I found three different supplements that make a big difference in mood. One caveat: where vitamins and minerals are concerned, more is not always better. Overdosing on certain vitamins and minerals can be dangerous, while others are water-soluble and the excess is washed away. Make sure you do your research on dosages and consult with your physician before starting any supplements.

  • B vitamins

B vitamins, often called the “anti-stress vitamins,” are essential for combating stress and help create the neurotransmitters necessary for maintaining a positive mood. A brief listing of each of the eight vitamins and their purpose can be found here. B vitamins are one of the water-soluble types, so to keep a steady supply, you need to ingest them daily.

For mental health, the most important of the eight are B6, B9 (also known as folic acid), and B12. B6 and B12 are essential for the formation of neurotransmitters in the brain. B9 it also protects the brain from the buildup of brain plaques that are a factor in Alzheimer’s disease.

  • Magnesium

Magnesium is important all over the body. More than 300 biochemical reactions in the body need it. It affects bone metabolism and a deficiency might contribute to osteoporosis. It also helps control inflammation, blood sugar, and enables energy production. For our purposes, its most important function is regulation of brain cell membrane receptors. In addition, it acts as a barrier to the brain, keeping out stress hormones and it keeps the body from pumping too much cortisol into your system when under stress.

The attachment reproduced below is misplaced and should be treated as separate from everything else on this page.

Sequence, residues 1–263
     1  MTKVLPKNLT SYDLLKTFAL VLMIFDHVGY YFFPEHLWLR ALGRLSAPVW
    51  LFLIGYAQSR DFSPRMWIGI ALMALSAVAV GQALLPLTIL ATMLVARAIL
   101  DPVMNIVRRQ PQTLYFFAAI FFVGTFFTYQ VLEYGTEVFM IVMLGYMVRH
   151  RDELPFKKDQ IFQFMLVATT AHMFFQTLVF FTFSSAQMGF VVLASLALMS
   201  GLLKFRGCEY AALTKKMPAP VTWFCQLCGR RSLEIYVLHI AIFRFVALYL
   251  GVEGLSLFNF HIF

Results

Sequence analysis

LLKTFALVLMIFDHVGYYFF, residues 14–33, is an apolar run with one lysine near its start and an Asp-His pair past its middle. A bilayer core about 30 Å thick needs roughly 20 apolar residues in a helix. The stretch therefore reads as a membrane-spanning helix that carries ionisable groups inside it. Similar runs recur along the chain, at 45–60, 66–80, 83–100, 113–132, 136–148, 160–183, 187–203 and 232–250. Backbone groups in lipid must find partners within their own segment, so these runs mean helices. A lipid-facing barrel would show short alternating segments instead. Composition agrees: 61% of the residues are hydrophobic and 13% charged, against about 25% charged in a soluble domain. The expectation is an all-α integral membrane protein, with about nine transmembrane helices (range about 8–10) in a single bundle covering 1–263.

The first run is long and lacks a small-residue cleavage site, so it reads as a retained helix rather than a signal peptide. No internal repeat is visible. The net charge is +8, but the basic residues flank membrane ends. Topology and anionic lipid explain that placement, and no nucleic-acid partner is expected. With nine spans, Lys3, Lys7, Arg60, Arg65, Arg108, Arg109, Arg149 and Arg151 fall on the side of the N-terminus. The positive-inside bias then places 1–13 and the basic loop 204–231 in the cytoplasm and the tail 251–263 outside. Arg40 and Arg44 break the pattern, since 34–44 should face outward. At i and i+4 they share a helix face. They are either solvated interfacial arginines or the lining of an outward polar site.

A case can be made for linking the historical increase of depression to the decrease in magnesium in our diet. Our ancestors would have had a ready supply of magnesium through whole wheat, water, organ meats and even swimming in the ocean. Today, soils have been depleted of minerals, water is treated to remove minerals and the over-processing of grains eliminates magnesium. When you add in the facts that too much calcium can decrease the absorption of magnesium and stress causes you to use magnesium faster, you find that many people are deficient in magnesium.

Statistics indicate that anywhere from 50 to 75 percent of Americans do not get the recommended amount of magnesium. Even if you do not have depression, you could probably benefit from a magnesium supplement. As long as your kidneys are healthy, you should not have any problem taking magnesium.

  • Vitamin D

Studies have linked the deficiency of vitamin D to depression. It also affects cardiovascular disease, severe asthma in children, and cancer. Even with its obvious importance, research suggests that up to 75 percent of Americans are deficient in vitamin D.